"Federal, state and local governments have subsidized the production of the Volt to the tune of estimates between $50,000 and $250,000 per vehicle sold."
Jim Jordan on Wednesday, January 25th, 2012 in a congressional hearing
Jim Jordan says subsidy for the Volt averages out to as much as $250,000 a car
Political charges were in the air at a Jan. 25, 2012, congressional hearing on the Chevrolet Volt chaired by Republican Rep. Jim Jordan, a staunch critic of the Obama administration’s intervention in the General Motors bankruptcy.
Jordan, from Ohio’s Champaign County, said he called the hearing to explore whether the government’s involvement in General Motors swayed how the National Highway Traffic Safety Administration informed consumers about crash tests that caused fires in the hybrid electric vehicles’ batteries. At the hearing, his committee released a report titled: "Government Motors: A Preliminary Report on the Effects of Bailouts and Politics on the Obama Administration’s Ability to Protect American Consumers." He opened the hearing with a statement that outlined some of his beefs with the government’s role in GM, including tax subsidies to the Volt.
"Total federal, state and local governments have subsidized the production of the Volt to the tune of estimates between $50,000 and $250,000 per vehicle sold," said Jordan.
That number seemed shocking for a car with a low-end retail price of $31,645, so we asked Jordan’s office where it came from. His spokeswoman said his statement relied on a Dec. 21 study from Michigan’s Mackinac Center for Public Policy - which estimated that each of the 6,000 Volts sold up until that date has received between $50,000 and $250,000 in subsidies.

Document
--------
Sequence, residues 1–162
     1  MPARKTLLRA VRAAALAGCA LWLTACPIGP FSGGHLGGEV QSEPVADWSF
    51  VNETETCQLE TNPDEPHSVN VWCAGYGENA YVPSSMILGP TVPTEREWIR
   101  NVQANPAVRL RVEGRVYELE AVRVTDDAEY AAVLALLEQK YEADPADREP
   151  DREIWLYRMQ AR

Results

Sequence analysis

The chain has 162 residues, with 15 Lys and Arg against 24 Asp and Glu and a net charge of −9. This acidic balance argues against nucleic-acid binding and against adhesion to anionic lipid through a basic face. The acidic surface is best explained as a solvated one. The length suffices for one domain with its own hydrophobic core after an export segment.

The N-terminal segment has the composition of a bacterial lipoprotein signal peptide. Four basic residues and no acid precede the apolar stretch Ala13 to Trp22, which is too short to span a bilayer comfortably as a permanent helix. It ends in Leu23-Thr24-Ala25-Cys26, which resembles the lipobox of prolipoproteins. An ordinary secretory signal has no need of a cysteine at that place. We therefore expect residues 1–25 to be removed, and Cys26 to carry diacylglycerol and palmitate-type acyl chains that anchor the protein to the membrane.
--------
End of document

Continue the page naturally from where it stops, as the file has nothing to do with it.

Its analysis tallied up nearly $3 billion worth of state and federal assistance it said were offered for the Volt’s development and production.
It cited 18 tax credits and government subsidies for General Motors and its suppliers - such as a $105.9 million U.S. Department of Energy grant to the General Motors plant in Brownstown Township southwest of Detroit, a $106 million state job retention credit for its Detroit-Hamtramck plant and up to $100 million in refundable battery credits for a Volt battery supplier called Compact Power.
The biggest slice of that money - $1.5 billion - comes from a $7,500 tax credit that the IRS offered to the the first 200,000 buyers of the Volt, or other electric cars from GM. Similar credits are available to buyers of other manufacturers’ electric vehicles. When author James Hohman compiled his statistics, roughly 6,000 Volts had been sold. By the time Jordan held his hearing, GM said the vehicle’s sales were around 8,000.
"GM has estimated they’ve sold 6,000 Volts so far," said Mackinac’s report on Hohman’s work. "That would mean each of the 6,000 Volts sold would be subsidized between $50,000 and $250,000, depending on how many government subsidy milestones are reached."
The report said it didn’t include subsidies that could boost the level of government aid, such as the land for one of the GM assembly plants being acquired through eminent domain by General Motors. Hohman said the Volt "might be the most government-supported car since the Trabant," a car that was made by the formerly communist state of East Germany.
Mackinac’s data was attacked immediately. An analysis in The Street on Dec. 22, 2011, criticized its methodology of dividing $1.5 billion in subsidies by the 6,000 cars sold to reach his $250,000 per vehicle number. The Street, a digital financial media company established in 1996, said the author would have reached a very different statistic if the study had been done at the end of 2012 - when GM projects it will have made 60,000 of the cars. It said that technology from the car will be used in roughly 60 million vehicles over the next in 25 years, which would make for a subsidy of roughly $25 per car.